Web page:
Out of Japan: Honour among thieves ends 'six-day war'

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The Independent Online
TOKYO - It was just a regular Friday night last month in the mah-jong parlour in Sapporo, northern Japan. Yakuza gangsters were playing as usual for high stakes, clacking down the tiles in smokey rooms where the windows are closed and screened from the outside because their gambling is illegal. The police, who of course knew about the parlour, rarely interfered as long as no trouble occurred.

But as the night wore on tempers began to fray. Two men from different yakuza gangs were playing. One was from an affiliate of the Yamaguchi-gumi, Japan's largest yakuza syndicate, which is based in Kobe in central Japan and has 23,000 members. The other was from the Kyokuto-kai, a 4,000-strong gang based in Tokyo. After midnight a dispute at the mah-jong table turned into an argument, which turned into a fight, and suddenly the Yamaguchi-gumi man was lying on the floor in a pool of blood, a samurai sword stuck in his stomach.

The police were quickly on the scene, and the Kyokuto-kai sword artist was arrested along with the owner of the mah-jong parlour. The death started vicious reprisals throughout Japan between the two gangs. Gunfire echoed even along streets in central Tokyo in the early hours of the morning, and police started to get worried.

Japan, in theory, is a gun-free society. In practice this is generally true. But the exceptions are the yakuza syndicates which run prostitution, gambling, loan- sharking and other seamy enterprises and who are all known to have arms. When a feud between two gangs breaks out, the normally safe streets of Japan can turn into a film set for shoot-outs between black-suited thugs with tinted-glass Mercedes and Uzi sub-machine-guns. Except the bullets are real.

Within hours of the mah-jong killing, a member of the Kyokuto-kai gang had been shot dead and three others injured in a reprisal. The Kyokuto-kai hit back, and the violence spread around the country. Bullets were fired into gang offices, cars were being shot up, and every morning the media would report on the tally of incidents from the night before.

Finally the violent conflict was ended in a very Japanese way - a third yakuza group, the Inagawa-kai, acted as mediators and both sides agreed to call off their battle-eager gorillas. The police, by contrast, seemed powerless. They threatened to close down the gangs' headquarters but did not even do that: apparently it would have taken a lot of time-consuming paperwork. Better to rely on the honour among thieves.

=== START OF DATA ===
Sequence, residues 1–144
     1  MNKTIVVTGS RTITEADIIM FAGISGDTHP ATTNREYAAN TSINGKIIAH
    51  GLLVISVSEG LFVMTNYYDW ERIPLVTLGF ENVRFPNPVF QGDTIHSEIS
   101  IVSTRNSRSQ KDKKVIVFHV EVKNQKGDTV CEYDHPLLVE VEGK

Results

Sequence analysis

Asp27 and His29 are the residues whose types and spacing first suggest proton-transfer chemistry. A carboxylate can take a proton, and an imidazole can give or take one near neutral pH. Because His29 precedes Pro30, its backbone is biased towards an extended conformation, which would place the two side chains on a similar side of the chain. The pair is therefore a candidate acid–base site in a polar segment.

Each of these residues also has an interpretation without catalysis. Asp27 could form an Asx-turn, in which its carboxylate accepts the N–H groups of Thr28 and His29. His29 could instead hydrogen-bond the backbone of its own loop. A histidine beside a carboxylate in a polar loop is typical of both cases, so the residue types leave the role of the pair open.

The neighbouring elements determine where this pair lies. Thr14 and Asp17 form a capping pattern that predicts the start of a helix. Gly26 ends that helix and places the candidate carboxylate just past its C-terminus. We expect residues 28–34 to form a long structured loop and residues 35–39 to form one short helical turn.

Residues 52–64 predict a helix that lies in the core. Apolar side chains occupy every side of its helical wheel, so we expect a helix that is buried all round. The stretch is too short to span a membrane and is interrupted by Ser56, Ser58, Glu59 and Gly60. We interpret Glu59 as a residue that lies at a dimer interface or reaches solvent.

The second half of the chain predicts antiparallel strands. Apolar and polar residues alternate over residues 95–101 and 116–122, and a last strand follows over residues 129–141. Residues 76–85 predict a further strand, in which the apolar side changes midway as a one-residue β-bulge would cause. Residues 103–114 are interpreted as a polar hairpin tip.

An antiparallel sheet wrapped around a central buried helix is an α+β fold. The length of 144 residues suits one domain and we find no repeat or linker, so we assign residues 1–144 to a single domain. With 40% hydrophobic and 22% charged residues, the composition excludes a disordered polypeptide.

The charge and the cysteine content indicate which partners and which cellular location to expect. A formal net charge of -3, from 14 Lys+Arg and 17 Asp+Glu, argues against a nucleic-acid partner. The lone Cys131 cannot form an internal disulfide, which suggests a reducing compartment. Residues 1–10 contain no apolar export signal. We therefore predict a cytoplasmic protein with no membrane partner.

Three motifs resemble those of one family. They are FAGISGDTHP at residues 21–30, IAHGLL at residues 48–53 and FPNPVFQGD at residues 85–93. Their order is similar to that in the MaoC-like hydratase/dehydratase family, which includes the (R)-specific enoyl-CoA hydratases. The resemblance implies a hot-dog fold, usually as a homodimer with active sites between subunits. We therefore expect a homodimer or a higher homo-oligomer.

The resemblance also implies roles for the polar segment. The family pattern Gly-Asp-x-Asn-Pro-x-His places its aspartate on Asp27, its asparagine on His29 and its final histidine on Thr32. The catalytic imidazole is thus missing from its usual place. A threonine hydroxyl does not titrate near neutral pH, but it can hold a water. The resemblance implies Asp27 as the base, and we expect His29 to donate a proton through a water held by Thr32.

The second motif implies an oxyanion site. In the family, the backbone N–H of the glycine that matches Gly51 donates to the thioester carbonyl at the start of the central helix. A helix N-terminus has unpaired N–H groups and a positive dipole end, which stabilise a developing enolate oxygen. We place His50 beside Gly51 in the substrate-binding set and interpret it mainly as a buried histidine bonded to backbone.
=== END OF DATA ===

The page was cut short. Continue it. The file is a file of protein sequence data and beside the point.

It came to be known as the 'six-day war'. At the end four people were dead, many more injured, and serious questions were being asked about the effectiveness of the new anti-yakuza laws which came into effect last year. Wasn't the new legislation meant to put an end to this kind of lawlessness?

The laws gave the police the power to close yakuza offices - why did they not do so? And should the laws not have been expanded to allow police to confiscate gangsters' illegally- obtained assets, as anti-racketeering laws in other countries permit? The police had no comments in the aftermath of the 'six-day war'.

Meanwhile the type of weekly magazines that include investigative reporting about mobsters along with their tales of pornographic actresses and politicians' secrets, probed deeper into the causes of the war. It has emerged that the mah-jong parlour killing was little more than a pretext for the show-down which had been brewing for some months over territory.

The Yamaguchi-gumi has been benefiting from the anti-yakuza laws to absorb smaller, more vulnerable gangs, thereby increasing its power throughout the country. But its main ambition is to penetrate Tokyo, since up to now the gang has been concentrated in the Kobe-Osaka area in central Japan. As they foraged through Tokyo's entertainment quarters of Shinjuku and Ikebukuro, they were increasingly stepping on the toes of the Kyokuto-kai. Both sides were spoiling for a fight.

According to the yakuza 'experts', the Yamaguchi-gumi's demonstration of its firepower during the 'six-day war' probably made it the winner. For the police, the most important thing was that the war had ended, and Japan could once again revert to being a safe, gun-free society. For the time being.